Michael Kenna's best-known photographs are iconic: ethereal landscape studies that seem untethered by time, steeped in a spiritual sense of place. “Memories and Meditations: A Retrospective of Michael Kenna's Photography” at Tacoma Art Museum is a two-part tribute to this internationally acclaimed artist with a career spanning more than 30 years. Part one is a crowd-pleasing exhibition that includes several of his widely admired, ineffably serene landscapes; part two, opening Jan. 11 and showing through March 24, will introduce a different aspect of Kenna's work, including his documentation of European sites and the concentration camps of World War II.
The TAM show is the first retrospective of Kenna's work in almost 20 years. The current exhibit focuses on Asia but includes surprises such as textured and energetic photographs from Detroit to Easter Island. A constant thread is the lack of people in Kenna's frame; as he said at a recent TAM lecture: “I like the idea that we can take a solitary walk and allow our minds to wander” – and his uninhabited studies encourage such expansiveness. He is known for putting long camera exposures – sometimes up to 10 hours – to brilliant effect, recording whatever passes before his viewfinder. His unique visual style requires patience, and the resulting images evoke a sense of sublimity – even when the subject matter is a nuclear plant.
The photographs on exhibit at TAM are surprisingly small; a decision that he explains requires the viewer to draw in close, creating an intimacy with the image. Kenna does his own darkroom printing of sepia-tone silver gelatin prints. He is known to return to certain locales over several years, recording the changes that have occurred.
Kenna’s work explores the connections between time, history and geography; an investigation that will continue in the second part of the TAM rotation opening Jan. 11. Photographs such as “Chariot of Apollo, Study 1,” Versailles, France; and “SS Guard House, (Death Gate),” Birkenau, Poland, communicate the dark impulses that have forged European history.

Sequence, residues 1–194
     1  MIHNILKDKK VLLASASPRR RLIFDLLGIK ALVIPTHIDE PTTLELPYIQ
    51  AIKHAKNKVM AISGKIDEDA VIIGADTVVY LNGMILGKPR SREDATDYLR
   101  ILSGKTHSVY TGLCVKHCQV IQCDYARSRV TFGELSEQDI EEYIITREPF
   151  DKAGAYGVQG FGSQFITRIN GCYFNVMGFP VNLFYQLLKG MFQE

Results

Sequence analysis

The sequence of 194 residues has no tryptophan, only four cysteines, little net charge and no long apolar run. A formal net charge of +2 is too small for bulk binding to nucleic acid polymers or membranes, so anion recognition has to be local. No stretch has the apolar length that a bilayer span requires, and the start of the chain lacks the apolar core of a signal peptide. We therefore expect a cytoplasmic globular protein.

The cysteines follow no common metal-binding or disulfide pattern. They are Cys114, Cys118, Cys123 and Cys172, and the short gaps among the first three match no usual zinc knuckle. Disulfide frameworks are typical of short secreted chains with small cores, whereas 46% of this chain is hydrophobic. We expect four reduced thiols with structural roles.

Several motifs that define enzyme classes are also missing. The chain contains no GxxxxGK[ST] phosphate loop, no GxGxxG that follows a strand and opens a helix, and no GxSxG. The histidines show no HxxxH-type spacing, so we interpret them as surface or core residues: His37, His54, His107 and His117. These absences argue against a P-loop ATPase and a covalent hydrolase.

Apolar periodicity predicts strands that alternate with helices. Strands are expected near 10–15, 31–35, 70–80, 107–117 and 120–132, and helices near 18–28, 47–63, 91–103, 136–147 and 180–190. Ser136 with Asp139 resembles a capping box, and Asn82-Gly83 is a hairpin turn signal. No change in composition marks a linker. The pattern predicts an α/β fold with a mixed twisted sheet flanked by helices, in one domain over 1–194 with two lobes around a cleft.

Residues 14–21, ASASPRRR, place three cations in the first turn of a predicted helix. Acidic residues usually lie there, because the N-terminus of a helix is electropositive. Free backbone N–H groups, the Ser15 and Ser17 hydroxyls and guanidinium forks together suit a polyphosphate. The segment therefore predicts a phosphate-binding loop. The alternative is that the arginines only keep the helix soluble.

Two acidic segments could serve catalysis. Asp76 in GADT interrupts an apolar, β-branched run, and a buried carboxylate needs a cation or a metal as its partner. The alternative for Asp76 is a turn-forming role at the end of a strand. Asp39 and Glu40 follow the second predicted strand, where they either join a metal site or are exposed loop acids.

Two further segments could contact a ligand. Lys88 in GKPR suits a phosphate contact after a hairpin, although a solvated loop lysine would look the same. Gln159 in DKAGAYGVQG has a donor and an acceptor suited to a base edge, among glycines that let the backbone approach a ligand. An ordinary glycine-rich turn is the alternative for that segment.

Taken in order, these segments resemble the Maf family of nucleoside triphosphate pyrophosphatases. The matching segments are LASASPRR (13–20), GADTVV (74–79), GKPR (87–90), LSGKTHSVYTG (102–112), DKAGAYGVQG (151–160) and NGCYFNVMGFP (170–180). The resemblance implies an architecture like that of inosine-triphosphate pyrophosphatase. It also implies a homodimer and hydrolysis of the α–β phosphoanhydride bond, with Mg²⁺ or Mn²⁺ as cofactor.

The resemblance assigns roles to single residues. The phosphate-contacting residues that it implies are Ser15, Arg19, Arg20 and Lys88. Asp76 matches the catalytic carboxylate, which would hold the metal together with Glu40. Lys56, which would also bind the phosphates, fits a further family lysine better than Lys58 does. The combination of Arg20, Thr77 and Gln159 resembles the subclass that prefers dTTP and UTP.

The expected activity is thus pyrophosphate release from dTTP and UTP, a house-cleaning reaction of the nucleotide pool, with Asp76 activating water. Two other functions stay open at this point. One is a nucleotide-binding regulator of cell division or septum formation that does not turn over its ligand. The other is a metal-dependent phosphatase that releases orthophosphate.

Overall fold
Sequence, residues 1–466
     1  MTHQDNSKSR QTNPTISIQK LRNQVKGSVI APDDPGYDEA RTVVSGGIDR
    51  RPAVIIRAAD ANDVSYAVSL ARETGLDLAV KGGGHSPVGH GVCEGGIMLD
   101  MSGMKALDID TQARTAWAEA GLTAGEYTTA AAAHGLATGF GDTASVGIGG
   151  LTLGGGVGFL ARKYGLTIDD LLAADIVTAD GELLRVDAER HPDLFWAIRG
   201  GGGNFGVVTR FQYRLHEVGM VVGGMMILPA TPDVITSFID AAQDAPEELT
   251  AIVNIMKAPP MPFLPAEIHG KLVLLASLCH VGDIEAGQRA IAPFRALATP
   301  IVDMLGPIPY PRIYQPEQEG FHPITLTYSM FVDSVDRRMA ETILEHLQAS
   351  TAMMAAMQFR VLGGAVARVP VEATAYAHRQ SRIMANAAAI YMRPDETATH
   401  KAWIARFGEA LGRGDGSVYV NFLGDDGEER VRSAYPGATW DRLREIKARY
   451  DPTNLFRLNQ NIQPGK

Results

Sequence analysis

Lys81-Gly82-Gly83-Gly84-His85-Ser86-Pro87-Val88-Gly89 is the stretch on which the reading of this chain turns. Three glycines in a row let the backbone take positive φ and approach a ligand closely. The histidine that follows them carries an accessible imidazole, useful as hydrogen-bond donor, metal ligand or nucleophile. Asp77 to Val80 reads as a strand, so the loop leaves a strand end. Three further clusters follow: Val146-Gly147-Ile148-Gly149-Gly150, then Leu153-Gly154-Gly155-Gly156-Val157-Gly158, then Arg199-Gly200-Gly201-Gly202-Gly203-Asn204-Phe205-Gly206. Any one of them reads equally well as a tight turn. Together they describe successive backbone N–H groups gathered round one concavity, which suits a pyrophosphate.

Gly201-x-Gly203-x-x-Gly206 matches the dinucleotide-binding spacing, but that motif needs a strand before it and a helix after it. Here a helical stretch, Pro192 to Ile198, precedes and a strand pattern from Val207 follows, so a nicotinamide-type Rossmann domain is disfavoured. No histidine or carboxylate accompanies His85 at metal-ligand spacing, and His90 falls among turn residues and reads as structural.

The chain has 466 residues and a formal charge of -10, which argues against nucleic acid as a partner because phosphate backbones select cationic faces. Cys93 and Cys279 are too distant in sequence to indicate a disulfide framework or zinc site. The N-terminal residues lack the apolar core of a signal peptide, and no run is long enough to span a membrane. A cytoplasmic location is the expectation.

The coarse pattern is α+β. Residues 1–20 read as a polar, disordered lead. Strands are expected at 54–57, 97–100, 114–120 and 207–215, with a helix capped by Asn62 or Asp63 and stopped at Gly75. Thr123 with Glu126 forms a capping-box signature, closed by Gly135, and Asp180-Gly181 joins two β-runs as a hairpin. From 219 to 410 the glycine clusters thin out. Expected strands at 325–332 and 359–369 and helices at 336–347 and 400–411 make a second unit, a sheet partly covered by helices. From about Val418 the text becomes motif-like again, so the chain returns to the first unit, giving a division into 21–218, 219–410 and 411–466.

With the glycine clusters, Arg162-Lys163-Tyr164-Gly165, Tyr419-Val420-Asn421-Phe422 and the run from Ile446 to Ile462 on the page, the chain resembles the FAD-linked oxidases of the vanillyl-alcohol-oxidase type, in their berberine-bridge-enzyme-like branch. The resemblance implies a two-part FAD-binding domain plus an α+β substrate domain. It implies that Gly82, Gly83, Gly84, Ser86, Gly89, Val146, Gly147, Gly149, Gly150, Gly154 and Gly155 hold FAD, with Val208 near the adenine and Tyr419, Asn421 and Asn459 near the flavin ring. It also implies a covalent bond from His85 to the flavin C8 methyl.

“Kenna’s photography is grounded in his spiritual practice and the exhibition will allow visitors to connect with this aspect of this work,” said Rock Hushka, TAM curator of contemporary and Northwest art. Born in England and now living in Seattle, Kenna studied at a seminary school from 1964 to 1972, then attended the Banbury School of Art in Oxfordshire. He studied photography at the London College of Printing, graduating with honors in 1976.
Hushka noted that the artist’s first United States exhibition, in 1978, was at a Seattle gallery owned by Chase Rynd, who later became the director of TAM. Kenna’s work is in the collections of several museums, and his prints have been shown in more than 600 exhibitions around the globe. Learn more at http://www.tacomaartmuseum.org.
Reprinted with permission of Tacoma Arts.
The public is invited to attend a lecture and book signing by Michael Kenna on Jan. 12 at 2 p.m. As TAM unveils the second rotation of artwork in the exhibition “Memories and Meditations: A Retrospective of Michael Kenna’s Photography,” come hear from the artist himself. He will present an overview of his work and artistic approach, and share stories about the works on view. Cost: $15 ($10 for members, $5 for students). Includes museum admission.
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